Travel Log: Park Güell, Barcelona, Spain

 I hope you aren't getting tired of my Spain travel posts yet, because I have a couple more in the queue.  It's not my fault, Barcelona is such a beautiful city with amazing architecture that I had too many good photos for just one post.  Today I'd like to talk a bit about Park Güell, one of Barcelona's most famous landmarks located on a hill in the Gràcia district of Barcelona, Catalonia, Spain. Park Güell was designed by Antoni Gaudí, the famous Catalan architect, and built over a four year span from 1900 to 1914.  I learned that Park Güell was originally intended to be a luxury housing development with sixty homes, but that plan never came to fruition because there wasn't enough interest at that time.  Only two homes were ever built (one that Gaudi purchased and lived in with his family that is now a museum), as well as walkways, stairways, a covered market area, and a central terrace.  I could definitely see the appeal to living on this hill with beautiful views of the city and the Mediterranean Sea, within Gaudi's uniquely designed village.  Please scroll through for more photos and detail, and you will see what I mean.

Hat c/o Conversation Pieces, similar "Excursion Sun Hat," $16 at Conversation Pieces here
Tank: "Sleeveless Top" in light yellow (also available in 3 other colors), $12.95 at H&M here
Shorts: "Denim Shorts" in light denim blue, $9.95 at H&M here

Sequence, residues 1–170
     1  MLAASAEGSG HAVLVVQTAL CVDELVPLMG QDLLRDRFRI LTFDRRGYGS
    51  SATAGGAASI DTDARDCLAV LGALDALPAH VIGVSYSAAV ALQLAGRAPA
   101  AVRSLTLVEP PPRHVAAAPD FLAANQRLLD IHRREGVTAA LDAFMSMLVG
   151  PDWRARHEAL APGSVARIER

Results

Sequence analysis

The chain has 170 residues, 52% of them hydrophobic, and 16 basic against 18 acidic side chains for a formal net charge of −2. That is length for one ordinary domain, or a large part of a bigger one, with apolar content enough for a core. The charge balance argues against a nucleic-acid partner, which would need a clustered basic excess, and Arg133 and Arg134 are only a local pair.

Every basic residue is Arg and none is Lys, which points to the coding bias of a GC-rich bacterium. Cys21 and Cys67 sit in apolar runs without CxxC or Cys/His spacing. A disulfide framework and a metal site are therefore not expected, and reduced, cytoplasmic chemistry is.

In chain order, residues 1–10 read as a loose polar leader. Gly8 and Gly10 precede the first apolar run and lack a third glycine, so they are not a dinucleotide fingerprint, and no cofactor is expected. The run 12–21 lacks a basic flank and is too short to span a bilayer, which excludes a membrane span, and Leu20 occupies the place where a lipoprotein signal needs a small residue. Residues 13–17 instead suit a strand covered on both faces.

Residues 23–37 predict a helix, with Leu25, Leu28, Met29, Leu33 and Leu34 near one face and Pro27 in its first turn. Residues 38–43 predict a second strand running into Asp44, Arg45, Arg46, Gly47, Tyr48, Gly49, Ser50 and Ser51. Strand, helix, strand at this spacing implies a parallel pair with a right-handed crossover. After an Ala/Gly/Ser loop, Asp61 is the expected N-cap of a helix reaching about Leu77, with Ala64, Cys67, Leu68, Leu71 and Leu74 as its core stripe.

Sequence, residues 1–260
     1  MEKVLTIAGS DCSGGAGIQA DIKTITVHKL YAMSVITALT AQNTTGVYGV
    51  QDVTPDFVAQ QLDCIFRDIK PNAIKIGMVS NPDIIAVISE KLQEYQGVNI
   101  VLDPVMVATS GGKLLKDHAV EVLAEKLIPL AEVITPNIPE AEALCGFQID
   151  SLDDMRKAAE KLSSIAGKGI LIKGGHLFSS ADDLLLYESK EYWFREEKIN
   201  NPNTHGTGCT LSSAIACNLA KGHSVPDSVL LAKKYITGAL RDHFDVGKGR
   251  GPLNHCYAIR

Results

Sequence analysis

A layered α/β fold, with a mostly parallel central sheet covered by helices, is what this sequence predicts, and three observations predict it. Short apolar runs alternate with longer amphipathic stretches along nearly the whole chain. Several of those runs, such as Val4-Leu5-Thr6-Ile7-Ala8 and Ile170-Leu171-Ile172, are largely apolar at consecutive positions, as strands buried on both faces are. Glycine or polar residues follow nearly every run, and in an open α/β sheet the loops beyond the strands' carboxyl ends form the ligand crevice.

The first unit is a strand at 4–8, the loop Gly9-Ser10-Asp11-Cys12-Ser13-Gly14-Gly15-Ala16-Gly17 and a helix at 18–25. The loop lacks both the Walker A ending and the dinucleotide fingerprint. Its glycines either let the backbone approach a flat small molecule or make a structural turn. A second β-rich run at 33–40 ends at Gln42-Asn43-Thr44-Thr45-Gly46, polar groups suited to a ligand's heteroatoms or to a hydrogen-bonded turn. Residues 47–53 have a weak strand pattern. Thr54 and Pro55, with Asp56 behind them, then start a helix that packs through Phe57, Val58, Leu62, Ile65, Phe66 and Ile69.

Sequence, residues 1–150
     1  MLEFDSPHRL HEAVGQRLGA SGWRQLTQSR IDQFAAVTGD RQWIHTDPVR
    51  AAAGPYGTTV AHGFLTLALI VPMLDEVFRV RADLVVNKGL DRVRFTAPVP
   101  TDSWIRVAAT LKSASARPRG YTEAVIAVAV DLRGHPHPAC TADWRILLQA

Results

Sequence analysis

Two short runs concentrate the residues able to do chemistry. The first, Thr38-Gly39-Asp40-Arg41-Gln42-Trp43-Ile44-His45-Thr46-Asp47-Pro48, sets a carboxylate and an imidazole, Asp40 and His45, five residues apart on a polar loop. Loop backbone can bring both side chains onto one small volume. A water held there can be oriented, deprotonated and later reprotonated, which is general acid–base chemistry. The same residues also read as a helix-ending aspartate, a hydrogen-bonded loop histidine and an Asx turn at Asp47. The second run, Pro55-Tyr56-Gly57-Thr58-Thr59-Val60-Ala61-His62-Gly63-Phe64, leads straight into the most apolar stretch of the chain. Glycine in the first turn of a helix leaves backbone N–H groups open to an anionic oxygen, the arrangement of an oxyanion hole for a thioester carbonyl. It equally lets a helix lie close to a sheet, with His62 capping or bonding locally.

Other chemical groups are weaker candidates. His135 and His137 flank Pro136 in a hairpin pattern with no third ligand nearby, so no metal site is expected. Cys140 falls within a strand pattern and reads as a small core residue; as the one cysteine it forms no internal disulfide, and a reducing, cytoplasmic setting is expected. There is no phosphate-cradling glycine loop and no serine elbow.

Sandals: Charles by Charles David (no longer available online), similar Sam Edelman "Trina" sandal in whiskey, $50.67 (on sale!) at Amazon here
Bucket Bag: Banana Republic (no longer available), I'm loving this Kelsi Dagger Brooklyn "Wythe Bucket Bag" in brown, $188 at Urban Outfitters here
Sunglasses: old, check out these Kate Spade New York "Halsey 57mm Polarized Sunglasses" in tortoise/brown polar, $165 at Nordstrom here


These first two photos were taken in the Sala Hipóstila (aka the Doric Temple), a market area made up of 88 stone columns that are situated underneath and support the central terrace within the park (you'll see the central terrace a bit later on).  I just loved the way the light came through the rows of columns and made it such a photogenic spot.


We neglected to purchase our park tickets prior to showing up at the park (if you go I recommend purchasing in advance online!), so we had about 2.5 hours to kill prior to entry.  We did find a little cafe on site where we enjoyed pitchers of sangria, but then we wandered around the grounds taking goofy photos like this one because...why not?  These are stone columns that are designed to look like palm tree trunks along a covered path.


Once officially inside Park Güell, we first headed to "El Drac" (the dragon) by the main entrance.  This mosaic salamander is a famous staple piece of the park that was unfortunately vandalized in 2007, but has been fully restored to its colorful self.  He guards the fountain and you can find mini "El Drac" souvenirs pretty much everywhere in the city if you want to take your own version home.  It's hard to walk by without giving this friendly looking lizard a little pat.